Posts Tagged “planning”

Here are 5 ways you can improve your work with young people.

1. Consult

Ask your young people what they like, what they don’t like and what they want to learn/do/try.  Sounds simple doesn’t it, but very few youth leaders actually do this well.  Lots of us have an agenda, or we think we do.  The second part of step 1 is to ask the adults in the church what they expect of the youth work to see if there really is an agenda or if it is all in your head!

2. Plan

Don’t just list what you will do each time you meet.  Actually plan.  Plan for months in advance.  Decide who will do what, what resources you will need, how each session progresses the theme or topic.  Set an aim (broad goal) and some objectives (the steps you will take to achieve the aim).

Make sure the plan is interesting, inspiring even (see Kenny Wilson’s guest post to see why that’s important!) and varied.  Don’t do the same thing every week.  And stop telling people the answer.  Questions are good.  Learn to live with the doubt and imagination it takes to answer questions.

3. Now do it

But recognise that your plan is an excuse to build relationships with young people.  I’m sure it is important that your group learn about Job/Jonah/Jesus but it is also important that they learn what a good, healthy, supportive, nurturing relationship is.  They are much more likely to learn about anything if the learning happens in this kind of environment.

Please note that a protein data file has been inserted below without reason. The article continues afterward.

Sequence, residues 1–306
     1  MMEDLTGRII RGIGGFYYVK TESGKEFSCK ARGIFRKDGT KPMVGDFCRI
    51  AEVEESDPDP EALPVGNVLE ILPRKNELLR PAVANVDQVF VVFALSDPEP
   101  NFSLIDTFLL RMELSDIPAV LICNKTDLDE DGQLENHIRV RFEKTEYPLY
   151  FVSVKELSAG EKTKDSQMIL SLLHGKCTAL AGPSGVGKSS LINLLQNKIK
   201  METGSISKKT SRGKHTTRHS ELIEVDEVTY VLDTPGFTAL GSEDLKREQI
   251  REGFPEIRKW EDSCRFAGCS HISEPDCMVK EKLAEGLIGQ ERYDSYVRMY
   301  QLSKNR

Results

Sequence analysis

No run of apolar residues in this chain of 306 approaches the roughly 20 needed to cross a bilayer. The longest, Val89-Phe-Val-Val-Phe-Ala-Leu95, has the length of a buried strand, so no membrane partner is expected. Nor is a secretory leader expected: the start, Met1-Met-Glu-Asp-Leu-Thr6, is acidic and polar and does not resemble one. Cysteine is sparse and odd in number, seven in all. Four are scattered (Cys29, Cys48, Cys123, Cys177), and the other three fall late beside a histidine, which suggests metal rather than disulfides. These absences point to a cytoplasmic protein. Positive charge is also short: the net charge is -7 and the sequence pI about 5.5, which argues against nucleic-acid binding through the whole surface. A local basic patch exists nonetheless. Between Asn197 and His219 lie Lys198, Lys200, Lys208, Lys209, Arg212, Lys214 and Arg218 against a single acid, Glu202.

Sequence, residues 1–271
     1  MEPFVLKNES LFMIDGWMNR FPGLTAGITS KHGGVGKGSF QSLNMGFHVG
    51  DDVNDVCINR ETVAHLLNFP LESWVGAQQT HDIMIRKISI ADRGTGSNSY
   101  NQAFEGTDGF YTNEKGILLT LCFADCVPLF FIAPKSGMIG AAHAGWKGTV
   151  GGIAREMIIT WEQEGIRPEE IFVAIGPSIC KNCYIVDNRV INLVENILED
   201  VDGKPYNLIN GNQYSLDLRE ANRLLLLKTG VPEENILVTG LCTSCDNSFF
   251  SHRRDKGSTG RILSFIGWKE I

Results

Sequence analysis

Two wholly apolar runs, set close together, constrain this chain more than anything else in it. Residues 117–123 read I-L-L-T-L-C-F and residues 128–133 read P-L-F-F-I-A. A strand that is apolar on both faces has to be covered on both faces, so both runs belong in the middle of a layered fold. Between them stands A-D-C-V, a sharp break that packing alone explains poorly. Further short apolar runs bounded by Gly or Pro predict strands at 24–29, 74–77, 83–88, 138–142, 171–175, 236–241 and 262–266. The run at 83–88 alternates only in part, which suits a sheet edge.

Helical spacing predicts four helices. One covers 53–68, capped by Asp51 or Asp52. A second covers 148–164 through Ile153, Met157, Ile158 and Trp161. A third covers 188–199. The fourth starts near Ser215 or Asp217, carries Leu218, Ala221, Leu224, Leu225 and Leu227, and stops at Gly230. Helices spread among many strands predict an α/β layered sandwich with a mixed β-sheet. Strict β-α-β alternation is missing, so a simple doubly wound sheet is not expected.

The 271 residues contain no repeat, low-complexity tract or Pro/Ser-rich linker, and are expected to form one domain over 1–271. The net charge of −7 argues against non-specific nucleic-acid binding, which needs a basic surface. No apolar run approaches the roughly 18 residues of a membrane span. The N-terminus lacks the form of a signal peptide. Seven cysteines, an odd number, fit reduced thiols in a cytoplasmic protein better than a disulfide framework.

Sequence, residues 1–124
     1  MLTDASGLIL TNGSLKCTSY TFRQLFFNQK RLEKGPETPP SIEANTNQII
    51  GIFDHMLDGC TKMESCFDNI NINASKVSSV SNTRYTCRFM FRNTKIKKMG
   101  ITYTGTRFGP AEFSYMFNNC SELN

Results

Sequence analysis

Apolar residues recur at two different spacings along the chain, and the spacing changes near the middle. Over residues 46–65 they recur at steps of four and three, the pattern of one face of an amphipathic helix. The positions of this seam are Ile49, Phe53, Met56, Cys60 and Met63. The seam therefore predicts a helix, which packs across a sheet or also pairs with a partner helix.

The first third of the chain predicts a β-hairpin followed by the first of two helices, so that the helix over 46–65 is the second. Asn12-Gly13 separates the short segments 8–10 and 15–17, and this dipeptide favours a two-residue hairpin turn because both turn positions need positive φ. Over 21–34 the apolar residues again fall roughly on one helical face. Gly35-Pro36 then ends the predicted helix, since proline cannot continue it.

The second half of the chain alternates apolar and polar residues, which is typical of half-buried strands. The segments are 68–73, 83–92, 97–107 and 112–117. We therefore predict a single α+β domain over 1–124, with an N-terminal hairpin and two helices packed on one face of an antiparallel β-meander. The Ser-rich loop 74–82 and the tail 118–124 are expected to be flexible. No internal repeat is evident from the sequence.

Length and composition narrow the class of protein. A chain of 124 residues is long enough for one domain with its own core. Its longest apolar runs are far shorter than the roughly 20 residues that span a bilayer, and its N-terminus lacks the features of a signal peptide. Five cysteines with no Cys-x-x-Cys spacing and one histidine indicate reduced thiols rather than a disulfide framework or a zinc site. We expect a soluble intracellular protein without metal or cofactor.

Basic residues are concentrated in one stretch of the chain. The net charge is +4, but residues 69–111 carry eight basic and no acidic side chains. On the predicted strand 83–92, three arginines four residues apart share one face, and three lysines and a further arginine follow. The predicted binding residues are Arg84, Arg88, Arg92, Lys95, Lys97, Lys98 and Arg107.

And work on practices.  Cramming every night with games/videos/activity/nonsense doesn’t help young people develop and deepen their faith.  Don’t be scared to spend some time being quiet.  Don’t be scared to talk about God.

4. Evaluate

How was it for you?  How was it for the group?  You should evaluate often.  More often than you think you should.  Part of your evaluation should be time at the end of each session to check that the young people have learned something and if that something is what you hoped they might learn.  But also spend time talking through how things are going.

Does your plan from step 2 need to change to take account of developments, progress or unexpected issues?

Does you group still meet its aims and objectives?  Do they need altered?

How are the leaders?  Do they need help?  Training?

5. Communicate

Too much youth work happens in isolation.  It’s almost a secret.  Tell people what you do.  Tell your church.  Tell the world.  Tell parents.


Those are my top 5 tips.  What would you add?  Or take away?

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Ramble Alert! OK. I’m not sure where this post is going but stick with me and hopefully it will get somewhere…

I’m working on some aims and objectives for my job. I tell everyone I train to do it so it’s practice what you preach time.

The thing is… I can write down the stuff I do/will do/can do standing on my head OR I can do all that and try to do something that will make a difference. We have been talking a lot in our little Synod Team about ‘Culture Carrying’. That discussion has grown from a feeling that we have to do better than maintaining the church. To do that we need to embody something else. We need to be culture carriers.